EJToday: Top Headlines
EJToday is SEJ's selection of new and outstanding stories on environmental topics in print and on the air, updated every weekday. SEJ also offers a free e-mailed digest of the day's EJToday postings, called SEJ-beat. SEJ members are subscribed automatically, but may opt out here. Non-members may subscribe here. EJToday is also available via RSS feed. Please see Editorial Guidelines for EJToday content.
"Former TransCanada Corp. employee Evan Vokes' impassioned testimony before a Canadian Senate committee last week painted 'a very, very bleak picture of the pipeline industry in Canada, and probably by extension, the States,' according to Sen. Betty Unger."
"Trouble in a major Delaware City Refinery unit sent dark smoke billowing from a stack at the plant early [Tuesday] morning, triggering calls to regulators from nearby residents."
"BP is ending its cleanup of the massive Deepwater Horizon oil spill in three Gulf Coast states this month, leaving Louisiana as the only state with ongoing cleanup linked to the company's Deepwater Horizon Response effort. Reports of oil sightings in Alabama, Mississippi, and Florida will soon be the U.S. Coast Guard's responsibility to investigate."
"LULING, Texas -- Amid the dry weeds on a 470-acre ranch here, a rusted head of steel pokes up, a vestige of an oil well abandoned decades ago. Across the field stand two huge, old wooden oil tanks, one of them tilting like a smokestack on the Titanic."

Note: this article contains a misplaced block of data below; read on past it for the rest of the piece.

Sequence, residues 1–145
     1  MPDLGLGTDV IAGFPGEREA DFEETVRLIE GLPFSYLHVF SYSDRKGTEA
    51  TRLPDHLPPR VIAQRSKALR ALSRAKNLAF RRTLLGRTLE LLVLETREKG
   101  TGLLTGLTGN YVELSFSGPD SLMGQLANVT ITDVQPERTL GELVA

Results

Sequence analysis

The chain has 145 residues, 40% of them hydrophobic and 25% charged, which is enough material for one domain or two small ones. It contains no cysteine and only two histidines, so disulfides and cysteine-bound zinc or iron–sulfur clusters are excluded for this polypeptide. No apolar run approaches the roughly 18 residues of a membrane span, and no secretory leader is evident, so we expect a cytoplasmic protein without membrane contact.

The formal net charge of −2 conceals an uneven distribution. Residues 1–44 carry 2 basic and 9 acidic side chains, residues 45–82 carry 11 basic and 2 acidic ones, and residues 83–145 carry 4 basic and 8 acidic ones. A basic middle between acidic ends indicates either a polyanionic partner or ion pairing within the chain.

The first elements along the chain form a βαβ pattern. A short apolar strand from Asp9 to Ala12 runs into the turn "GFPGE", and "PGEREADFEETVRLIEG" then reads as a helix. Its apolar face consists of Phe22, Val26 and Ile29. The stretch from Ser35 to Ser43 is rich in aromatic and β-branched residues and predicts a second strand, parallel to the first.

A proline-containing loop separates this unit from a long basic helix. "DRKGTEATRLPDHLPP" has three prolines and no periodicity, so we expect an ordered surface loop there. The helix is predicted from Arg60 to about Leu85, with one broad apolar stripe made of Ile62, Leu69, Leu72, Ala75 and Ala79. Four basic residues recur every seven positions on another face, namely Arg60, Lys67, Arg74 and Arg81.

"The Louisville Metro Air Pollution Control District has issued another notice of violation to LG&E over blowing coal ash and dust at its Cane Run power plant in western Louisville."
"U.S. regulators are giving the oil industry and other stakeholders more time to weigh in on a controversial proposal to stiffen standards for wells drilled on federal lands, Interior Secretary Sally Jewell pledged Thursday."
The fracking industry loves to argue that there's no proof its gas-extraction methods cause pollution. One reason they succeed because they settle lawsuits claiming pollution damages by obligating the plaintiffs to remain silent.
"No bases visited, no vets interviewed for Pentagon probe into dioxin in Okinawa."
"Federal environmental officials have completed part of a massive cleanup of lead from Omaha properties that began 15 years ago."
A series of oil rigs in the Gulf of Mexico, damaged during a September 2004 hurricane, are still leaking in a "chronic" oil spill. SkyTruth brought the pollution to light using satellite imagery, aerial photography, and publicly available government data. The slicks are bigger than the company responsible is reporting.
"On the coastal plain of eastern North Carolina, families in certain rural communities daily must deal with the piercing, acrid odor of hog manure—reminiscent of rotten eggs and ammonia—wafting from nearby industrial hog farms. On bad days, the odor invades homes, and people are often forced to cover their mouths and noses when stepping outside. Sometimes, residents say, a fine mist of manure sprinkles nearby homes, cars, and even laundry left on the line to dry."
"GE Energy Services' coal-fired power plant in Homer City will be required to meet federal standards for emissions of sulfur dioxide that are more protective of human health."
"BRIDGETON, Mo. -- Dawn Chapman can put up with the noxious smell caused by smoldering trash in a landfill near her suburban St. Louis home. But if the burning creeps close to buried nuclear waste, she's ready to get out."